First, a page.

Intertwined with Anne Friedberg the visionary leader, there was Anne Friedberg the intellectual, scholar, and writer. Anne’s curiosity was boundless. She is best remembered for two books, Window Shopping: Cinema and the Postmodern (1993) and The Virtual Window: From Alberti to Microsoft (2006), and her contributions to the study of film theory, film and modernity, and visual culture. But she could speak intelligently about anything with a connection to media. I came to USC’s PhD program after a three year stint of working in the Los Angeles film industry. It was a delight, therefore, to discover that that my department’s chair — a woman with a reputation as being a “theory person” — had a deep knowledge of the contemporary entertainment industry. We talked in depth about the WGA strike and challenges involving compensation and the definition of what constitutes “new media.” Anne’s knowledge of the contemporary industry came in large part from her partner, who was a professional screenwriter, but her analysis of the industry was entirely her own. She was capable of seeing the big picture, dissecting it, and finding the connections between “theory” and “industry” that the rest of us had missed.
Anne Friedberg was also a believer in a digital scholarship. She collaborated with Erik Loyer on developing The Virtual Window Interactive, a web-based experience that extends the argument of her book, The Virtual Window, by playfully inviting users to juxtapose content, viewing windows, and spectator positions (I’m especially fond of viewing the 1902 film The Gay Show Clerk on the flip phone as the idealized contemporary male viewer). The Virtual Window Interactive was published in Vectors, the innovative and important multimedia journal edited by two of Friedebrg’s USC colleagues, Tara McPherson and Steve Anderson. Without the examples of Friedberg’s, McPherson’s, and Anderson’s digital scholarship, I don’t think I would have ever thrown myself into working on Lantern and the Media History Digital Library in the way that I did.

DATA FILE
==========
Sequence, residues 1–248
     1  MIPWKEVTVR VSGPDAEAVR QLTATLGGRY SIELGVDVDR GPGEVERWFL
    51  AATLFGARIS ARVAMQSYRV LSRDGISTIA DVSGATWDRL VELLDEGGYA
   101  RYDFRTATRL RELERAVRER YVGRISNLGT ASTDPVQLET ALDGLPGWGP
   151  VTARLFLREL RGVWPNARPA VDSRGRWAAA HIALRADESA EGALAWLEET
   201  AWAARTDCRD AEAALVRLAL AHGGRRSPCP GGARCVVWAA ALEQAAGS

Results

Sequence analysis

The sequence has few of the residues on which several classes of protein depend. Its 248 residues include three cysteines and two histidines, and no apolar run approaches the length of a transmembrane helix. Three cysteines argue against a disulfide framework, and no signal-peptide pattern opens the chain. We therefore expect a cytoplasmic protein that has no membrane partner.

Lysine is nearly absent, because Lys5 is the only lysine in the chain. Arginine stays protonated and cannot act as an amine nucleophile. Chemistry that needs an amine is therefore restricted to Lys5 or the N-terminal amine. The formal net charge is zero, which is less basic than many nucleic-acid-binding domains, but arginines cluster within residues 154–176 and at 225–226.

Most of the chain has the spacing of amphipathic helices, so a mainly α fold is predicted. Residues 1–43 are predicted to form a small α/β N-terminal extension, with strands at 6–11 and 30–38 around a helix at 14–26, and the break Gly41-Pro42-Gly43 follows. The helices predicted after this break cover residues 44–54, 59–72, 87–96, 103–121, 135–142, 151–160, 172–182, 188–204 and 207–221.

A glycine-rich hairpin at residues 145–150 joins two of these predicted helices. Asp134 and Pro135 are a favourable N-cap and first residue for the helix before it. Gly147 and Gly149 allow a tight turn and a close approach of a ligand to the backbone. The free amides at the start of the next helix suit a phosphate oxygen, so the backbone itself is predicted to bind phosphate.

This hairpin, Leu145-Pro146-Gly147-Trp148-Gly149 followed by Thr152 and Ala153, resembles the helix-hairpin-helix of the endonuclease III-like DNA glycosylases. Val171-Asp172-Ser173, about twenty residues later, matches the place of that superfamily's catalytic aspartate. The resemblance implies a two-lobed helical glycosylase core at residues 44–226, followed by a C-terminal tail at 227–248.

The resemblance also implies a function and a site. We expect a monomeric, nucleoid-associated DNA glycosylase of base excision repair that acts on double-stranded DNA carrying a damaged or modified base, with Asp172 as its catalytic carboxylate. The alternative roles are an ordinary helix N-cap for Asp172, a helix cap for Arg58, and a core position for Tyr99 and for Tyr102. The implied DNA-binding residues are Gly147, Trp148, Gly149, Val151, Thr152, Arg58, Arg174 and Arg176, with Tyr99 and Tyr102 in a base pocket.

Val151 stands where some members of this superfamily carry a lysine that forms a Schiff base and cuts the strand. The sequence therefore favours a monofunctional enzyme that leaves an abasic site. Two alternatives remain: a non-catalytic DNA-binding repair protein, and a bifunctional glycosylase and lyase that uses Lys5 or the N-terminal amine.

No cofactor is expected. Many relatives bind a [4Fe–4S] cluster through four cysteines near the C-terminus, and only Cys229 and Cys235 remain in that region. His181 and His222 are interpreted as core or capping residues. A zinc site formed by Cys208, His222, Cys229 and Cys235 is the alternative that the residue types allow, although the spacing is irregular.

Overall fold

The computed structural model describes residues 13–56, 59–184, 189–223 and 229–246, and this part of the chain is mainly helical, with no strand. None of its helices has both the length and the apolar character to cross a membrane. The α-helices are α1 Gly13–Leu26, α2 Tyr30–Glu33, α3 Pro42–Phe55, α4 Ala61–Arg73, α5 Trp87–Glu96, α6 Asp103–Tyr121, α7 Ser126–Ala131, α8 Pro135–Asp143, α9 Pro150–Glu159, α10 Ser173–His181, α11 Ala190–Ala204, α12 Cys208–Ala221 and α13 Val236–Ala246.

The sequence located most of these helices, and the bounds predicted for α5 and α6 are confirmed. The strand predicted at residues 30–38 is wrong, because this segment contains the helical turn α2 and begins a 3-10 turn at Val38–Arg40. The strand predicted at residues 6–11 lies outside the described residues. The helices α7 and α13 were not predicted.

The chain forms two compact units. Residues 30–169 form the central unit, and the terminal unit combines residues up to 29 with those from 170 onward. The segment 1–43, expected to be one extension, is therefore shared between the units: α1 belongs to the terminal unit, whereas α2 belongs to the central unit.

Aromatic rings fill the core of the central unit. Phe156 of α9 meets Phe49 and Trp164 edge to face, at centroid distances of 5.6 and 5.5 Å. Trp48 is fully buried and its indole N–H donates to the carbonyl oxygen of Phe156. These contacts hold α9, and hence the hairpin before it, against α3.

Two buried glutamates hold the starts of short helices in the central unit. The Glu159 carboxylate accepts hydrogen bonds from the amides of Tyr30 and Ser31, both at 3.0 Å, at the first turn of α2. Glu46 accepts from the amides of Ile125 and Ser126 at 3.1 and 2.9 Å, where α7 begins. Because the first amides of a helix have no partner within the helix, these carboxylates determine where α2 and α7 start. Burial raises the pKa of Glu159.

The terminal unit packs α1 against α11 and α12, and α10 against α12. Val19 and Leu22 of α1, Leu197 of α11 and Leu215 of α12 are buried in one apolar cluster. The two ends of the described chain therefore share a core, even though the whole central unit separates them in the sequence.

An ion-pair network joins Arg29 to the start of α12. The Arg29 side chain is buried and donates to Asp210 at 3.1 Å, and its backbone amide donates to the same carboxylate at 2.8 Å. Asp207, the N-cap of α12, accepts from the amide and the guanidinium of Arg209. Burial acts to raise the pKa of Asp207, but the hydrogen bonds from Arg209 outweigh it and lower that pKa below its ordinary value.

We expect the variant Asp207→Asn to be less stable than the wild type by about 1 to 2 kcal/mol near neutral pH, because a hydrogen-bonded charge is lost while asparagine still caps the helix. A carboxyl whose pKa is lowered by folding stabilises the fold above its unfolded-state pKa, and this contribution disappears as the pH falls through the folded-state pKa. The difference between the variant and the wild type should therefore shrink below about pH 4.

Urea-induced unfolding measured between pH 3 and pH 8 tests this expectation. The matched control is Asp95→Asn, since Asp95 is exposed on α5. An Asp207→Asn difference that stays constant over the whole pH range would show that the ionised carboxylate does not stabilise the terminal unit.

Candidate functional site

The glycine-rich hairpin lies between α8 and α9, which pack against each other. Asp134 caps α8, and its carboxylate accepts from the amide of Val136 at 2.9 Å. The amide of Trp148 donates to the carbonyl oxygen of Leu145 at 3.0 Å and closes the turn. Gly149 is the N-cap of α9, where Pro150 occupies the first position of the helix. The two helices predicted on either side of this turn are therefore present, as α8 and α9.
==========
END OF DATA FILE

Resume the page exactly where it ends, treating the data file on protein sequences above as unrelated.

I hope that Anne Friedberg would have liked Lantern’s interface. However, I know for a fact that she would have liked many of the digitized publications. Anne understood that magazines about media were simultaneously important historical documents and media objects themselves. In the late-1990s, Friedberg co-edited the anthology Close Up (1927-1933): Cinema & Modernism, which curated selections from the important film magazine Close Up with accompanying introductions and analyses by Friedberg and co-editors James Donald and Laura Marcus.
It is my great pleasure to announce that, as of today, the complete 1927-1933 run of Close Up is accessible at the MHDL and completely searchable within Lantern. You can find it on the MHDL’s homepage and Global Cinema Collection. The magazine was scanned and sponsored by the Library of Congress Packard Campus for Audio-Visual Conservation.